I am not fond of the new Dem maneuver of boycotting or leaving your job when there is something you do not agree with. If the deck was stacked against your cause wouldn’t you attend and make sure your side was heard or at the least represented? Seems childish and unprofessional to me.

    Can some tell me when access to free contracepction became a right protected by the Constitution? Why should someone’s sex life be someone elses responsibility. If you are old enough to have sex then you are old enough to purchase your own contraception, it’s that simple.


    “That said, should a taxpayer-funded hearing be the venue for such a duel, especially if one of the duelers is denied a weapon?”

    Be careful Josh. Sarah Palin used rhetoric like that and a congresswoman got shot. As a politically correct left leaning reporter you should chose your words more carefully. You never know, some crazy bible thumpin’right winger might take those words out of context.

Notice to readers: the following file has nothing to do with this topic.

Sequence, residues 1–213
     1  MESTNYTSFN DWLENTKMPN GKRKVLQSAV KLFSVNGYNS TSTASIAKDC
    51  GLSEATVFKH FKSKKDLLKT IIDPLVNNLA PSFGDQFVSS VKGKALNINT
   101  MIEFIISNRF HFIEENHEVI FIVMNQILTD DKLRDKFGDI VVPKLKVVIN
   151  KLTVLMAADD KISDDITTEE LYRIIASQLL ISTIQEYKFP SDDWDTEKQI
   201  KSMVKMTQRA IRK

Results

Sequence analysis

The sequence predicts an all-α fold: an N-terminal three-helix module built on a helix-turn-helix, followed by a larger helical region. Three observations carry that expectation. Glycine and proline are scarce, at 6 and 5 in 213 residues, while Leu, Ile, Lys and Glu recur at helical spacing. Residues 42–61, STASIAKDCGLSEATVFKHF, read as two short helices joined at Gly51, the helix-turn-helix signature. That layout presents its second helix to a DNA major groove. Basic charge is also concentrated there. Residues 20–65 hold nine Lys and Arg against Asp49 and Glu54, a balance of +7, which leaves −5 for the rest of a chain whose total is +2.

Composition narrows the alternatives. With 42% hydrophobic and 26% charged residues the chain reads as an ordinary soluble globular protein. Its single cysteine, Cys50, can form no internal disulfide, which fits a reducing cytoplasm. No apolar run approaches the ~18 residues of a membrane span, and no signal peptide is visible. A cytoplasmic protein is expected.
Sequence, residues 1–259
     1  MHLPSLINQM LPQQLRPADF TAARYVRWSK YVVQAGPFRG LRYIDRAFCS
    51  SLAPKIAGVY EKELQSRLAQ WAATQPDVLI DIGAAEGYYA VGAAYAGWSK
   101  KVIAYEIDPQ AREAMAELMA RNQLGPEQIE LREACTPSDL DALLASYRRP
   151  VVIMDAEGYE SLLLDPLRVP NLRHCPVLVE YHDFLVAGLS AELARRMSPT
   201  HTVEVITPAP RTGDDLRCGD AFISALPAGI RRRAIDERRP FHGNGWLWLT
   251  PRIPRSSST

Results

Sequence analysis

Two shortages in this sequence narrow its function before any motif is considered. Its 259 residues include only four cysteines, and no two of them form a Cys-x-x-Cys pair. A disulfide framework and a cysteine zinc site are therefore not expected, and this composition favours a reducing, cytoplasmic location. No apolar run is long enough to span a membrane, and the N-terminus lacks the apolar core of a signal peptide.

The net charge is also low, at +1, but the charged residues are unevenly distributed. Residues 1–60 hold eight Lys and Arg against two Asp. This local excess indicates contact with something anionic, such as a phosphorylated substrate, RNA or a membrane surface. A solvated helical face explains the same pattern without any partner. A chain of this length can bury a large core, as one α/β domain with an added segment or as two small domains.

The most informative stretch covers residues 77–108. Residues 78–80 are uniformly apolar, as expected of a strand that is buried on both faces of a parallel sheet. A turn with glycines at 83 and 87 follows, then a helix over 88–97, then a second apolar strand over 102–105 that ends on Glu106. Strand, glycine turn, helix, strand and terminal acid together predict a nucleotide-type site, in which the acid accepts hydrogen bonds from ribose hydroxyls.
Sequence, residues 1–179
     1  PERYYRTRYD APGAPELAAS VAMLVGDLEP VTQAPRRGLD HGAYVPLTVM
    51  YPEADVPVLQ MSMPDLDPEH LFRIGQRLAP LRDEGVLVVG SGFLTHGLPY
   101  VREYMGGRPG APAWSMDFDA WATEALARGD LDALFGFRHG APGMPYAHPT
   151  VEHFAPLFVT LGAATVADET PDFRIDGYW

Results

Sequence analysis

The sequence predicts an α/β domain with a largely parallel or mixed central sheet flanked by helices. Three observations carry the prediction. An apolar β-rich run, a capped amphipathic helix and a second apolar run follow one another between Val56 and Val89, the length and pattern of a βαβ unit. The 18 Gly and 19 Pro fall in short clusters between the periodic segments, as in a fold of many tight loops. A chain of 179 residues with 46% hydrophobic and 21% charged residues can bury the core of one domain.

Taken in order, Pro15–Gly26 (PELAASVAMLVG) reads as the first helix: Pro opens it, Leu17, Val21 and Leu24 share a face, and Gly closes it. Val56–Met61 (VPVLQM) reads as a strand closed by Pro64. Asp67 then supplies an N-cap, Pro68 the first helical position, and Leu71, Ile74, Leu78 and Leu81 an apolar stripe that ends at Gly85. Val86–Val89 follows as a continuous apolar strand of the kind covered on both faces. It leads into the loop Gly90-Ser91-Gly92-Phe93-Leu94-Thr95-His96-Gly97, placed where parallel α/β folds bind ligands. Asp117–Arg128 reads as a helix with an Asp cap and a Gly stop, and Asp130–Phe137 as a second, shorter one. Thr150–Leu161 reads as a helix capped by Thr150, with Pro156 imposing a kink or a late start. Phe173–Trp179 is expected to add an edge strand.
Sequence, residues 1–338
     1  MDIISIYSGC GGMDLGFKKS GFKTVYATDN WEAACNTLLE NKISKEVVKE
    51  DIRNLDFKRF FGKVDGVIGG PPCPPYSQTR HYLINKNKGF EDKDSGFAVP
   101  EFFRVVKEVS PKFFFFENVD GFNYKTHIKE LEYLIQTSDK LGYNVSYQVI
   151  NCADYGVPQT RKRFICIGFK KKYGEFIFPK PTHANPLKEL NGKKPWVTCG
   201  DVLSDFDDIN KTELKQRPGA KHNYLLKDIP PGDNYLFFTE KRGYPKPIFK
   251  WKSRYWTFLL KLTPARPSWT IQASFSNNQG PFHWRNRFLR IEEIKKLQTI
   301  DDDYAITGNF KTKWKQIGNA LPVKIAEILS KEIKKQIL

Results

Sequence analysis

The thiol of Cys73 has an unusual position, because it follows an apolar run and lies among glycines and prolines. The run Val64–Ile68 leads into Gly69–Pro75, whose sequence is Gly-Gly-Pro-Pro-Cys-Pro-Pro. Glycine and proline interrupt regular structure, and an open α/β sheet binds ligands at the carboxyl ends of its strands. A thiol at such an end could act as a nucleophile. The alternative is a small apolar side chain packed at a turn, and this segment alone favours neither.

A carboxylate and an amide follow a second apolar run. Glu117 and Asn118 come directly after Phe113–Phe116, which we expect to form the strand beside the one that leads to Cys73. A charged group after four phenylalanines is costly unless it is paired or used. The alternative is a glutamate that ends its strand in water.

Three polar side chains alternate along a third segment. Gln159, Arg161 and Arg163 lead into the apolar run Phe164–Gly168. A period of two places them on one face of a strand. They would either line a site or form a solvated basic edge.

• Robbins Mitchell

    Why is it that all these Democrat women in Congress insist on carrying their brains around in their panties?

  • John W.

    Re #3

    I thought the walkout was within the bounds of civility and doing their job by calling attention to the irony of a bunch of old men pontificating about a matter of particular importance to women. The Dems requested that a woman favoring their position be allowed to testify and the request was denied. I suspect, for some of these guys, the 19th Amendment is not their favorite.

    Whether or not insurance should cover contraception, with or without a government mandate, is a fair topic for debate. I have to admit that having insurance cover cheap, low-tech contraception (i.e. condoms) is debatable. However, many experts believes that doing so reduces downstream costs of pre and post-natal care from unwanted pregnancies and reduces abortions (which are not only troubling to many people but also expensive). Also, I would note that insurance generally covers vasectomies, apparently with no objection from the Catholic “red hats” or the members of this committee. Seem a bit of gender-based inconsistency.